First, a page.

In practice, closings bring together a variety of parties who are part of the “transaction” process. For example, while the history of property ownership has been checked, it’s possible that the records contain errors, unrecorded claims or flaws in the review itself, thus title insurance is necessary. At closing, transfer taxes must be paid and other claims must also be settled (including closing costs, legal fees and adjustments). In most transactions, the closing agent also completes the paperwork needed to record the loan.

What to expect.
Settlement is a brief process where all of the necessary paperwork needed to complete the transaction is signed. Closing is typically held in an office setting, sometimes with both buyer and seller at the same table, sometimes with each party completing their papers separately.

Whatever the case, the result is that title to the property is transferred from seller to buyer. The buyer receives the keys and the seller receives payment for the home. From the amount credited to the seller, the closing agent subtracts money to pay off the existing mortgage and other transaction costs. Deeds, loan papers, and other documents are prepared, signed and filed with local property record offices.

What you need to do.
One of the best parts of settlement is that buyers and sellers need to do very little.

Before closing, buyers typically have a final opportunity to walk through the property to assure that its condition has not materially changed since the sale agreement was signed. At closing itself, all papers have been prepared by closing agents, title companies, lenders and lawyers. This paperwork reflects the sale agreement and allows all parties to the transaction to verify their interests. For instance, buyers get the title to the property, lenders have their loans recorded in the public records and state governments collect their transfer taxes.

Getting a Mortgage

Shopping for a mortgage is the first step toward owning a home and perhaps the most daunting, especially if you are not prepared.

Once a simple task that meant comparing fixed rates from among perhaps a dozen or fewer savings and loan companies, the mortgage hunt today is like finding your way through a maze.

There are dozens of loan types and hundreds of loan programs available through thousands of mortgage brokers, bankers, lenders, finance companies, credit unions, even stock brokerage firms.

Contrary to popular belief, finding a mortgage doesn’t begin with an application.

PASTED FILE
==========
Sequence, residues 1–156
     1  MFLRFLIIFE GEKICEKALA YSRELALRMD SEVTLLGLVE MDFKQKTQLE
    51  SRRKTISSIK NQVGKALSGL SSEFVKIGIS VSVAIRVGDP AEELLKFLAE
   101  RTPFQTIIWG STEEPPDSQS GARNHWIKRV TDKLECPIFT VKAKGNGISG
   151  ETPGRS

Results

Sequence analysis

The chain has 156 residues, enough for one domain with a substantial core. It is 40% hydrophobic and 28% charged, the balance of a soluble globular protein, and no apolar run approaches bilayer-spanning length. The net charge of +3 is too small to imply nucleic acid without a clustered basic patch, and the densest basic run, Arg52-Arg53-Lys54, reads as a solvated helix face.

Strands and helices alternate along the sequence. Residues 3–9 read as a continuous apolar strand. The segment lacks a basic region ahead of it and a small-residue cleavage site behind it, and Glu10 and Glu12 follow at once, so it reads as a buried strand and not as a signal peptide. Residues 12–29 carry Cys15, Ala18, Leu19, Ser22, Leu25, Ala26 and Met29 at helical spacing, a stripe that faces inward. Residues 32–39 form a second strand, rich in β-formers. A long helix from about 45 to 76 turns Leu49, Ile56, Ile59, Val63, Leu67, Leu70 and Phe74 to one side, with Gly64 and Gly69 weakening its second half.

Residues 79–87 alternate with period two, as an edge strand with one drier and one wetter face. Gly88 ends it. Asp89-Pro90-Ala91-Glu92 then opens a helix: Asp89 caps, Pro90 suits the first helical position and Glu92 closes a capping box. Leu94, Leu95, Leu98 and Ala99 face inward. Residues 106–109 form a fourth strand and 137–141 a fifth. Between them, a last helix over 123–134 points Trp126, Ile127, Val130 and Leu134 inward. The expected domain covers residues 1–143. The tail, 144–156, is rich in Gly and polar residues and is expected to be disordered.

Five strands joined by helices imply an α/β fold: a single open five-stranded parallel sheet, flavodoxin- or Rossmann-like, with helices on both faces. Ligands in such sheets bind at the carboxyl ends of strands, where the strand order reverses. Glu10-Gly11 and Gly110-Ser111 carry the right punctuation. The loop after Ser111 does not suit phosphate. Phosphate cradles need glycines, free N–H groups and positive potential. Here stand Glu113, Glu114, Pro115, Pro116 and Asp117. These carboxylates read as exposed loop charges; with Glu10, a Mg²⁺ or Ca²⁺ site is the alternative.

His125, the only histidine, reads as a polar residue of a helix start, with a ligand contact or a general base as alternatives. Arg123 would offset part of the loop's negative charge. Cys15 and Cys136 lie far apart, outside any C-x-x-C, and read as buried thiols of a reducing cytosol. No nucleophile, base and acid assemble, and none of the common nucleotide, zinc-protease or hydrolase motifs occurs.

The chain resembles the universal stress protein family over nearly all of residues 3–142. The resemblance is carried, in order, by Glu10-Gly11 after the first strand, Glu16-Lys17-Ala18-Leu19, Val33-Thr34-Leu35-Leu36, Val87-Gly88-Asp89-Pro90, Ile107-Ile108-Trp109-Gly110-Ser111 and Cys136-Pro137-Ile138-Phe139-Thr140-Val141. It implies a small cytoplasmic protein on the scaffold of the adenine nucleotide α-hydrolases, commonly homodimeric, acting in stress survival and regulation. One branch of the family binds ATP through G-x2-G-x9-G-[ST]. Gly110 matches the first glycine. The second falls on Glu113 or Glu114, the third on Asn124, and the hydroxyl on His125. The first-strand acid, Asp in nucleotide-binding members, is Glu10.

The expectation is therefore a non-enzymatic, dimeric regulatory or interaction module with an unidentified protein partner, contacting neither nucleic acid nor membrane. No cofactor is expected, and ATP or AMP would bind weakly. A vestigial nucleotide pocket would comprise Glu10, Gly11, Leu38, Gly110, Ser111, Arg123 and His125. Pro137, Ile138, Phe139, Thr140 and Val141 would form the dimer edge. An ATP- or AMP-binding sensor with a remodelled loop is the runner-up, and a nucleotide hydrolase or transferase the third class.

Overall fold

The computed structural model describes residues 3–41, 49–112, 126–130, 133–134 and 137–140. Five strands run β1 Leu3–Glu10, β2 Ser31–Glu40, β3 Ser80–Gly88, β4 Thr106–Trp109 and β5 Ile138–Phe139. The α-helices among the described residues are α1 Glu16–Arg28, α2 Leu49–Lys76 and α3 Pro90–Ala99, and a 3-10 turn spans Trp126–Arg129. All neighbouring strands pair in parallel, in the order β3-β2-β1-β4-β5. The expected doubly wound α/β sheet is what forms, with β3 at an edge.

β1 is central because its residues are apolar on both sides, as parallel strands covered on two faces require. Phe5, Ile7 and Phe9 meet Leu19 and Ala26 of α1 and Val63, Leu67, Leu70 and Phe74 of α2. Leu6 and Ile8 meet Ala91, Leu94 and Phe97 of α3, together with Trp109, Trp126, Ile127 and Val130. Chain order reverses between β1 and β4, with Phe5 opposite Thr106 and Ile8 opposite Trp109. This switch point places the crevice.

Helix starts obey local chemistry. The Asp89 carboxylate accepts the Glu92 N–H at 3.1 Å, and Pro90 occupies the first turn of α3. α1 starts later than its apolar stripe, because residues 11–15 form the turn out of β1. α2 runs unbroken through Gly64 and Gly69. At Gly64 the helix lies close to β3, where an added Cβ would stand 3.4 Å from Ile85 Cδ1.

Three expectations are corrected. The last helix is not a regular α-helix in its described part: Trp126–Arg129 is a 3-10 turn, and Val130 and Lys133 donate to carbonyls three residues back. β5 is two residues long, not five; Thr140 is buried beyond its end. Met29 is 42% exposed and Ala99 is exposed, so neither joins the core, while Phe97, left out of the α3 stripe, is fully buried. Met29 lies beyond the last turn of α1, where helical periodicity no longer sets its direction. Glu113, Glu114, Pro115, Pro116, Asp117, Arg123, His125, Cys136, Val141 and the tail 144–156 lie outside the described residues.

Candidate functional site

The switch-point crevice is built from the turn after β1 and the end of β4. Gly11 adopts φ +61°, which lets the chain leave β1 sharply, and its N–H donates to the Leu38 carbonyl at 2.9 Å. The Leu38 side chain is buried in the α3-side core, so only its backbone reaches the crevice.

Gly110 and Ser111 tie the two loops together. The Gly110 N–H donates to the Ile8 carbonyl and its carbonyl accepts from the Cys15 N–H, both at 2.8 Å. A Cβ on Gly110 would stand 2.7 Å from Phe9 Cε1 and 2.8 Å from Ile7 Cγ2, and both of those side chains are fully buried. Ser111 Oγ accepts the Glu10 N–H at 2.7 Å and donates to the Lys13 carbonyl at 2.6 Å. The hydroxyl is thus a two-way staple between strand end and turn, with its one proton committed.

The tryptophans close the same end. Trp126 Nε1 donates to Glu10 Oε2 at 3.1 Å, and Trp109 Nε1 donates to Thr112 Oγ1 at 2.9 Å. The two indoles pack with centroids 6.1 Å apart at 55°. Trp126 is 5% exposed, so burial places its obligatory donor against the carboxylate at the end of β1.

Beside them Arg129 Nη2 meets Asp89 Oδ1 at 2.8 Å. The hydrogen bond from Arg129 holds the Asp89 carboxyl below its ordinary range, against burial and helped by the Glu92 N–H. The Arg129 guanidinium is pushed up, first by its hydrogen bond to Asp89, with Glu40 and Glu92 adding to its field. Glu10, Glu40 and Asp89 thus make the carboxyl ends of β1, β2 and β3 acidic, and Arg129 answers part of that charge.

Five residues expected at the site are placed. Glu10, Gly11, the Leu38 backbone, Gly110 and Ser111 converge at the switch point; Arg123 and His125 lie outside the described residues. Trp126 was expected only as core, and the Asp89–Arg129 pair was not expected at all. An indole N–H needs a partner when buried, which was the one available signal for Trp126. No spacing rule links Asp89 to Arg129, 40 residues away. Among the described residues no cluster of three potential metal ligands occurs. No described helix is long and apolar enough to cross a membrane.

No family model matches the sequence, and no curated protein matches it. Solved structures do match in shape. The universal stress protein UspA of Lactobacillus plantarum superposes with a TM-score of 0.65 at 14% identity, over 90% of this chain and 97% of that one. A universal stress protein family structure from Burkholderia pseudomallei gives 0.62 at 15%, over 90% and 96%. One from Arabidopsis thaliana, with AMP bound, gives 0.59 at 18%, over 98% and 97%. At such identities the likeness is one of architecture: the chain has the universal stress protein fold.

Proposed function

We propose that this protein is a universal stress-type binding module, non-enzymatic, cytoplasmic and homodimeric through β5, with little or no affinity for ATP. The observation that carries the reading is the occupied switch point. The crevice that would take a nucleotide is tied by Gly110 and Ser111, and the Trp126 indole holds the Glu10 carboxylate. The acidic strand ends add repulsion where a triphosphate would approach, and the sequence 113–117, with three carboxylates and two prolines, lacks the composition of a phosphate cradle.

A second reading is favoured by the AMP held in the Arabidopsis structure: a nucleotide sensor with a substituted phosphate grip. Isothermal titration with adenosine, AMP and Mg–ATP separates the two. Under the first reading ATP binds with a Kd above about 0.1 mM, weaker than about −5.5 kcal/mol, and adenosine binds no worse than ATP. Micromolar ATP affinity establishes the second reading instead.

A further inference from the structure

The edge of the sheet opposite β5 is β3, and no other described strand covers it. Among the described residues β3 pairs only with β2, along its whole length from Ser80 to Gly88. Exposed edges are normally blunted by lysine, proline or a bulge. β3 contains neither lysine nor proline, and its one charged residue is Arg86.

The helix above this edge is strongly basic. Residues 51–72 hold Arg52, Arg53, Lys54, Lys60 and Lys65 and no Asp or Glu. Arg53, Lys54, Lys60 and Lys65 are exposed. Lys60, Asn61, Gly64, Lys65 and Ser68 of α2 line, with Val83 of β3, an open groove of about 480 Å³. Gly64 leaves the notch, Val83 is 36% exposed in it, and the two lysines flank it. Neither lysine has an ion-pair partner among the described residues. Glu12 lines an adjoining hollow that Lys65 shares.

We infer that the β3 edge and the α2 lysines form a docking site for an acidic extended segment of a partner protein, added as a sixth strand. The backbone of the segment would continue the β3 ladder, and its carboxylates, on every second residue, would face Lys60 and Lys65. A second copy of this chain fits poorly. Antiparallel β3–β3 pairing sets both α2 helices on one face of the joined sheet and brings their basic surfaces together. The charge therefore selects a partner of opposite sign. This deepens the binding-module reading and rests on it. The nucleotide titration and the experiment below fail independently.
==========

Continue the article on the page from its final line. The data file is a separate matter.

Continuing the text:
Education is a better first choice. Mortgage information sources are as vast as the number of mortgages available. Web sites, topical newspaper articles, mortgage books, consumer seminars and workshops, financial planners, real estate agents, mortgage brokers and lenders are all available to assist you along the way.

First and foremost, you must determine how your mortgage payment will fit your current budget and, to some extent, your future obligations 15 to 30 years down the road.

If you discover too late that you can’t afford your mortgage, you’ll not only face the possibility of losing the roof over your head, but you could also damage your ability to purchase a home later.

Step 1: Examine Your Finances
If you can afford to buy a home, you must then determine how much mortgage you can afford. Lenders are apt to put your loan application in the best light and qualify you for as much as they are willing to lend, which can be more than you can afford.

It’s up to you to take stock of your income and expenses, both current and projected to determine what you can comfortably manage each month. Along with your mortgage payment, don’t forget related insurance, taxes, homeowner association dues and any other costs rolled into the mortgage payment.

Step 2: Shopping For a Loan
When you are ready to shop for a loan you have two basic types of mortgage stores to shop — direct lenders and mortgage brokers.

Direct lenders have money to lend. They make the final decision on your application. Brokers are intermediaries who, like you, have many lenders from which to choose. Lenders have a limited number of in-house loans available. Brokers can shop many lenders for each lenders’ store of loans. If you have special financing needs and can’t find a lender to suit them, an experienced broker may be able to ferret out the loan you need. Mortgage brokers, however, are paid with a slice of the amount you borrow, some more than others some less. Internet brokers today perhaps receive the smallest cut, sometimes none at all, and can prove to be a real bargain.